Right about now a lot of attention is focused on Congressional maps, on Assembly and Senate redistricting, on the yet to be determined final final petition and primary calendar for 2012. But against this backdrop, things are already stirring out in Cheektowaga for what promises to be a high energy political season come 2013, when voters will go to the polls to elect three Town Board members.

Rick Zydel this week will announce that he will be a candidate for one of the three available Town Board seats next year. He has planned a “Friend Raiser” campaign event on Thursday, March 29 from 5:30-7:30 PM at the Donovan Post on Genesee St in Cheektowaga. Zydel was the hard luck loser in the 2011 elections, where a bad ballot position placed his name against the lone Green Party candidate. He works as a Contract Officer for the Federal Detention Facility in Batavia, and locally is very involved and popular with the Town’s veterans and firemen organizations. “I’m a believer that things happen for a reason, and despite the disappointment of that election, I have always had a strong calling for public service and government, and know that I can continue to be an effective member of the Cheektowaga Town Board,” said Zydel. “I am beyond gratified that so many friends and supporters have reached out to me and encouraged me to make a comeback. This time we will do things differently. This will be a campaign of ideas, of listening, of responding to the wants and needs of our constituents and voters.”

Zydel is just one of the names being mentioned. Two of the incumbents, Jim Rogowski and Stan Kaznowski, are both expected to seek re-elections to new terms. The third incumbent, Patricia Jaworowicz, has not formally announced her plans, but many expect her to retire after a long and successful tenure on the Town Board. She was a pioneer of sorts, elected as the first woman ever to the Cheektowaga Council back in 1981.

Diane Benczkowski, who ran unsuccessfully twice for town office, has also announced plans to run. She is planning her own kick off fund raising event on March 22, and her potential candidacy is garnering more than a bit of attention. Benczkowski works as a real estate associate in the private sector, and is also an elected member of the Depew School Board. Tim Meyers, a Supervisor with the NFTA, has announced that he is interested in running. The Meyers name is well known since his father, Ken Meyers, served as Town Supervisor and Town Democratic Chair. Meyer’s wife Valerie works at Town Hall as confidential secretary to the Council. Meyers held a campaign workers party back in December, an intimate gathering of 50 or so family members and friends, where he set his plans into motion.

Then there is former Town Justice Tom Kolbert. After over two decades on the bench, Kolbert lost his re-election in his 2011 attempt, and in recent weeks has shared with friends his desire to run for the Council.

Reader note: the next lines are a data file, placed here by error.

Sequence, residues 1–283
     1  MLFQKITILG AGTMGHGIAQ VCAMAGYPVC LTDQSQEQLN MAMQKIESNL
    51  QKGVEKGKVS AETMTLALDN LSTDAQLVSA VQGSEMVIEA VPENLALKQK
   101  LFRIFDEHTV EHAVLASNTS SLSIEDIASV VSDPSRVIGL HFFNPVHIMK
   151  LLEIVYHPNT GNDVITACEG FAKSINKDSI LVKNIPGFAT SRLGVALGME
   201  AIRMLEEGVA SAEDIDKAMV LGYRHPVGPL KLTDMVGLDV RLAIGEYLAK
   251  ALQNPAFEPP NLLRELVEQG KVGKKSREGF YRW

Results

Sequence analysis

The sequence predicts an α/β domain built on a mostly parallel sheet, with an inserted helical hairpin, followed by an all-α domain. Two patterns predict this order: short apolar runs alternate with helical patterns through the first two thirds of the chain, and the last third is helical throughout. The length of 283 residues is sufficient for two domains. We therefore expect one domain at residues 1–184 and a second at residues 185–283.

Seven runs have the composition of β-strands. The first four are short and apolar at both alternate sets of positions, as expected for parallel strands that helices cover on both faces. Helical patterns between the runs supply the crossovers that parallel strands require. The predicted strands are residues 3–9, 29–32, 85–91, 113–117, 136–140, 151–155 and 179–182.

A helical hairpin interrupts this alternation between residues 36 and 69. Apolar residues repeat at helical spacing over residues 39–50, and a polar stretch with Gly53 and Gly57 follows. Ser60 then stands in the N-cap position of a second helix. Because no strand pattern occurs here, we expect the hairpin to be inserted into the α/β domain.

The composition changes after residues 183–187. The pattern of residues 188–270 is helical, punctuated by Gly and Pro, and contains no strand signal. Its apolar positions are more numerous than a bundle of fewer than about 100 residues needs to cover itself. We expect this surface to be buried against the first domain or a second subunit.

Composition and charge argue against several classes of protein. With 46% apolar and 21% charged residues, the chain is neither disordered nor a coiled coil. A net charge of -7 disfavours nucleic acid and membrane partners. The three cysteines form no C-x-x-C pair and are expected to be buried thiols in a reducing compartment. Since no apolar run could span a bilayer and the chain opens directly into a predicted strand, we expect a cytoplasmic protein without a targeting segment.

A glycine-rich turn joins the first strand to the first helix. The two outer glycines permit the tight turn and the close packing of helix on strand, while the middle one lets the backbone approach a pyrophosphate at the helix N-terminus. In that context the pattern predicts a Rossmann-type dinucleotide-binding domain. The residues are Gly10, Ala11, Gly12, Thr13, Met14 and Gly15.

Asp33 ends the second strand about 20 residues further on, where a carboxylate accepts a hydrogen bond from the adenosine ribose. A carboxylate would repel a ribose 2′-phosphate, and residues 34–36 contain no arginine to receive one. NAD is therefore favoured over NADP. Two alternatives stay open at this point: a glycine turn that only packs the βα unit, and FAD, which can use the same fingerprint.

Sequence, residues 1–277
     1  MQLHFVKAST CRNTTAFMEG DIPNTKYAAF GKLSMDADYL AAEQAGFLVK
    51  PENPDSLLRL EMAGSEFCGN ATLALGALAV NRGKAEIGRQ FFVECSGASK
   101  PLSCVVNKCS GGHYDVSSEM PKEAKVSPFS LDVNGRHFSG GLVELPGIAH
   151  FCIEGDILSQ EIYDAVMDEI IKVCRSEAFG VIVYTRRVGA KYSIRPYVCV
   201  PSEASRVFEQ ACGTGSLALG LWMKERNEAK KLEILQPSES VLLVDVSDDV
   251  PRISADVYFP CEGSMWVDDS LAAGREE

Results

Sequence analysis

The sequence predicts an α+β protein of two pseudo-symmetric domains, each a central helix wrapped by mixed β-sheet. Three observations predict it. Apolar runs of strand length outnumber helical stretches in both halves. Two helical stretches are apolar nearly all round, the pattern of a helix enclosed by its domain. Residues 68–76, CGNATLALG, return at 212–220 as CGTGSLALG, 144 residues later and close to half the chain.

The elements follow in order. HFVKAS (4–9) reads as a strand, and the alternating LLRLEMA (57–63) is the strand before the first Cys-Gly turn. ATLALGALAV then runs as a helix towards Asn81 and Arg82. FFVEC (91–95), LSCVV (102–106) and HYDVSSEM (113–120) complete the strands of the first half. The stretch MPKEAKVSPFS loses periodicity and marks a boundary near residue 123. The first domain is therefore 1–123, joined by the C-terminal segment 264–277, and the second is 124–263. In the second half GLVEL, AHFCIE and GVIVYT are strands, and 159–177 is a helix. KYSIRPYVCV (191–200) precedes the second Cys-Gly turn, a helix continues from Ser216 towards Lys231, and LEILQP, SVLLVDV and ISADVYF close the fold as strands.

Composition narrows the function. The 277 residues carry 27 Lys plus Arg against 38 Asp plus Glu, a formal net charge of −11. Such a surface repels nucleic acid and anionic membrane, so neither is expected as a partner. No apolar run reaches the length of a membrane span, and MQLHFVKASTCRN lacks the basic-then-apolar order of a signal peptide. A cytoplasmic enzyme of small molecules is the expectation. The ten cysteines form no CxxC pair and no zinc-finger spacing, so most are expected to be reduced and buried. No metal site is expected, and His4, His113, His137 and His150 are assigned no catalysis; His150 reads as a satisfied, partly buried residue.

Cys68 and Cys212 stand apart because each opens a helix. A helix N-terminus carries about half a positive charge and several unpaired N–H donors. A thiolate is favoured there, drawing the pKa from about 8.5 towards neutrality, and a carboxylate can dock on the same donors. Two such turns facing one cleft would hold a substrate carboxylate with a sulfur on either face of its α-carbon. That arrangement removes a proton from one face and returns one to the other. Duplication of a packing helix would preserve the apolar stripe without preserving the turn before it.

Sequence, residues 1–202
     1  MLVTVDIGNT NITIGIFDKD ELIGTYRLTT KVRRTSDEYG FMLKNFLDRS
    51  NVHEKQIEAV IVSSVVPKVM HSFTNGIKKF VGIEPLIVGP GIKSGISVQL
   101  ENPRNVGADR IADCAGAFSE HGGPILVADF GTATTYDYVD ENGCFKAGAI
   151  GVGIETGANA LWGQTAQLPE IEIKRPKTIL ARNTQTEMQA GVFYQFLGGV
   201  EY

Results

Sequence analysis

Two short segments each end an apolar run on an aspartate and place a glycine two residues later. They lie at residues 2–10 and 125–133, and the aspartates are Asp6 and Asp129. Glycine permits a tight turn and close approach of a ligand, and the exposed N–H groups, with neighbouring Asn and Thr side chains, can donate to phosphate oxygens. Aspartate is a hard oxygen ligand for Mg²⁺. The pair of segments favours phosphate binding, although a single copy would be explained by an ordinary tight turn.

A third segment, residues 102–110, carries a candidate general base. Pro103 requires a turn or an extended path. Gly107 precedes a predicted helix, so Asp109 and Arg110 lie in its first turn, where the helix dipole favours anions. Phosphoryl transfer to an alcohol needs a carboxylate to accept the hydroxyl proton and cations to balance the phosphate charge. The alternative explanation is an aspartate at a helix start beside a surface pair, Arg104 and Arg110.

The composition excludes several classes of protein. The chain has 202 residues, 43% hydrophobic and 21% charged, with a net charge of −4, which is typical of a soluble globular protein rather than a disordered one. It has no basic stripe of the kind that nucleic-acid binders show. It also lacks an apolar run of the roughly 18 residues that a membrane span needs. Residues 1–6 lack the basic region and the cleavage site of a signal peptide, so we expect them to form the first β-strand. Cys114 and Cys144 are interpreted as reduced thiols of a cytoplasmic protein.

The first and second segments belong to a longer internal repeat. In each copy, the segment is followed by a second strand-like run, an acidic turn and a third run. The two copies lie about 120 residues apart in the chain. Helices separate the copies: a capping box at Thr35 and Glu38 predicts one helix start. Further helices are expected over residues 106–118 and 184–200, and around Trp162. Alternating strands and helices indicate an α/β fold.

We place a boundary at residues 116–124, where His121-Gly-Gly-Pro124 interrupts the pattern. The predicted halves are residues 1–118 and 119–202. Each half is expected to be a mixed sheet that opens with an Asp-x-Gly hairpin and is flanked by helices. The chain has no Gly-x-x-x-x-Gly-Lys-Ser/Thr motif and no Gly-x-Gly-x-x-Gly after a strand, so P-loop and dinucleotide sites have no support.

So count ’em… six candidates on the ballot as of now. And the ’13 Primary is still 15 months or so away.

The Cheektowaga Democratic organization is reeling after a multi year string of losses and setbacks. In 2007, the organization backed Paul Clark for Erie County Executive. Clark flamed out in the primary to Jim Keane, setting the stage for a Chris Collins victory. In 2008, the committee’s colorful Chairman, Frank Max, announced his plans to oppose Len Lenihan for Erie County Democratic Chair. Lenihan responded by organizing committee fights in 70 of the Town’s 111 election districts. Max lost his own committee seat, hung on to retain the Town Chair, but the costly and bruising battle left the town committee in tatters. In 2009, Cheektowagans united behind their favorite son John Glascott for his run for Erie County Sheriff. Despite well publicized incidents of mismanagement at the jail and the troubled tenure of incumbent Sheriff Tim Howard, Glascott’s run amazingly fell short. Then in 2010, the Cheekdems leadership backed highly unpopular 30 year incumbent Bill Stachowski for re-election to another term on the State Senate. Challenger Tim Kennedy, aided by the quiet support of many rank and file committee people, demolished Stachowski in the primary. Kennnedy went on to win the Senate seat in November.

They have not fared much better locally. The Cheekdems lost both Town Justice seats. In 2010 incumbent Judge Jim Vallone lost his seat to Dennis Delano. The following year, Tom Kolbert lost all five primaries, and thus the election, to challenger Paul Piotrowski. And, for only the second time in a generation, a Republican won a seat on the Council. Incumbent Supervisor Mary Holtz hung on for dear life to narrowly win re-election as Supervisor. All this, happening in a town where enrolled Democrats outnumber Republicans by about 32,000 to 14,000.

The last time there was a Primary in Cheektowaga for any Town Board seats was way back in 2001. “Maybe a good old fashioned knock out drag out Primary is something we absolutely could use,” says one Zone Leader who represents a section of southeast Cheektowaga. “When the party bosses cherry pick the slate sometimes you get bad candidates. Look what happened we lost a town board seat that was unthinkable back in the day. I say the more that run the better. We Democrats will nominate the best we have amongst our group, candidates who will effectively compete against whatever the Republicans throw at us.”